Fading oil, Deutsche woes weigh on EM stocks, currencies

Frankfurt (Sept 30)  Emerging stocks and currencies booked more losses on Friday, tracking major bourses spooked by Deutsche Bank's woes, but developing countries' equities and some of the main currencies were still on track for monthly and quarterly gains.

MSCI's main emerging index fell 1.2 percent on the day with stock markets around the world well in the red amid concerns over the health of Germany's largest bank. The index was heading for a weekly loss, but a rally in previous weeks helped to lift it 1 percent higher for September in its fourth straight month of gains.

Emerging currencies suffered on the day. Russia's rouble weakened 0.5 percent against the dollar after oil prices slipped amid doubts that OPEC's first planned output cut in eight years, agreed earlier in the week, would lead to a substantial cut in output. South Africa's rand matched those falls, though both currencies had strengthened over the past month and were on track for their third straight quarter of gains.

U.S. data next week is set to keep investors on their toes, with September non-farm payroll numbers expected to provide more clues on Friday of the chance of a Federal Reserve interest rate hike in December, which is still seen at around 50-50.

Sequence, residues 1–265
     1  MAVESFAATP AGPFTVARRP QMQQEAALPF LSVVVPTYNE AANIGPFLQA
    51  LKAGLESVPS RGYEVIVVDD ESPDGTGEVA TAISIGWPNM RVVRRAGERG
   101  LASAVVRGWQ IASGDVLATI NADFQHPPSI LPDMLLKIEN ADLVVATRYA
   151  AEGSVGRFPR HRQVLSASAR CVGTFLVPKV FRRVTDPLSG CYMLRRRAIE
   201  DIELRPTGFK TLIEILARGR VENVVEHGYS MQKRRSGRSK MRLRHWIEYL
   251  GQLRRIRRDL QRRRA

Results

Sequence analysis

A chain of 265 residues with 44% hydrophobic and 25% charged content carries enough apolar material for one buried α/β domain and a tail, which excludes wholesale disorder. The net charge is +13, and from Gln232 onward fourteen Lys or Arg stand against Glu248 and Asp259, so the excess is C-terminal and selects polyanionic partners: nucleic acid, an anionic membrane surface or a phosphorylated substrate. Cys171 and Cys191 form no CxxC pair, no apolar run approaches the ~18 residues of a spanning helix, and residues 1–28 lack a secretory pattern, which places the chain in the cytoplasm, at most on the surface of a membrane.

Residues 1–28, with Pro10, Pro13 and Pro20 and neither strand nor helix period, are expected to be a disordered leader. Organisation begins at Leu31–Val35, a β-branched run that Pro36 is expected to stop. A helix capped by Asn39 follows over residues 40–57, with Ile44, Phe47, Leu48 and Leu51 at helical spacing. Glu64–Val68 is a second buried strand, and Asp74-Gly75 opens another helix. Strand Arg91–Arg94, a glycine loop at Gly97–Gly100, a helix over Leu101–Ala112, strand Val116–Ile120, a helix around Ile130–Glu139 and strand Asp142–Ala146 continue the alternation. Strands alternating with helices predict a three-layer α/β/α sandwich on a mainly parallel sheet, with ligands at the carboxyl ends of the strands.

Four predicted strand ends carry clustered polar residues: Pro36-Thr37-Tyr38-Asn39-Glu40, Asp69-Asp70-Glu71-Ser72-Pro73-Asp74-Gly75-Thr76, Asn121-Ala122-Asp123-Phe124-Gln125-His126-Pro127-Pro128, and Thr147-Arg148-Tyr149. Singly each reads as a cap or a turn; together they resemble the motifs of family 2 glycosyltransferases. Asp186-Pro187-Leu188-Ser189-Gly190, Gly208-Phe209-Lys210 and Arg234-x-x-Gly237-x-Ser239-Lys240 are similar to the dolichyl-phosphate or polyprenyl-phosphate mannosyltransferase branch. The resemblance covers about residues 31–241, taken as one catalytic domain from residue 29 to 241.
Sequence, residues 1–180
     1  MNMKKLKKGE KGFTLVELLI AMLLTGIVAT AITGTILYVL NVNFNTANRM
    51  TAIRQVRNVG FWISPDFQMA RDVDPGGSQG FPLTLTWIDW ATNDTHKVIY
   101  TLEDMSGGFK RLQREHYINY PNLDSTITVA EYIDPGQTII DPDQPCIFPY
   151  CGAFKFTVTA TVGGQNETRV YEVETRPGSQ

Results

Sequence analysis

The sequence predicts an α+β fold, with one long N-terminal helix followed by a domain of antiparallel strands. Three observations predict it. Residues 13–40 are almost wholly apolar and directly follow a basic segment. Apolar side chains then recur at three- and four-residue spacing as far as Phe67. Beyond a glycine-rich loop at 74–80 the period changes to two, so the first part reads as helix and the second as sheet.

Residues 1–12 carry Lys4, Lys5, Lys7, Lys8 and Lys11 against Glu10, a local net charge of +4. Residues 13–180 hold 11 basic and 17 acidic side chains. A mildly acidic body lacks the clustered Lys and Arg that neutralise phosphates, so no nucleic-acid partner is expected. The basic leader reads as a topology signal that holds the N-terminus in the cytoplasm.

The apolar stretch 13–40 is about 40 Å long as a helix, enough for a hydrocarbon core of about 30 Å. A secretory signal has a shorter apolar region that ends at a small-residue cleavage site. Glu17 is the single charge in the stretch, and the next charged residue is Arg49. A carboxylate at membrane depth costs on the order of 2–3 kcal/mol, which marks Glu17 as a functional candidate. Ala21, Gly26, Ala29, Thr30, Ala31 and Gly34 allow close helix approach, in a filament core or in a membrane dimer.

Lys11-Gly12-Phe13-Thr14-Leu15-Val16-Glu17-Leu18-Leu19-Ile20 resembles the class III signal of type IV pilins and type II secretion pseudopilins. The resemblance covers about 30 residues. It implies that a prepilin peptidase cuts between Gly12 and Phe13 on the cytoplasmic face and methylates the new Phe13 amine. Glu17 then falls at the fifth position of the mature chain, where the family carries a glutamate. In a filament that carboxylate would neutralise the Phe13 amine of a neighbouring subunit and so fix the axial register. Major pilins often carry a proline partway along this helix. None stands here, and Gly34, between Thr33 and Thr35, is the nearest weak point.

"The positive sentiment towards emerging markets will continue well into the fourth quarter, the dollar is strong and it is a sell-dollar, buy-EM sort of market," said Per Hammarlund, chief EM strategist at SEB.

"But before payrolls, people always square up their positions and become more cautious, so I think we'll probably see a bit more of a sideways move next week."

Across central and eastern Europe bourses slipped, weighed down by a drop in financial stocks while currencies also felt the heat.

Polish stocks fell 0.3 percent on the day and more than 2 percent on the week while the zloty weakened 0.2 percent against the euro across both as a cabinet reshuffle put pressure on assets of the region's largest economy. "Poland had a new finance minister - I don't expect much policy change, it is more reflecting a power struggle within the government," said SEB's Hammarlund.

In Hungary, stocks fell 1 percent and the forint slipped 0.2 percent ahead of a referendum on the EU's migrant quotas due on Sunday.

Source: Reuters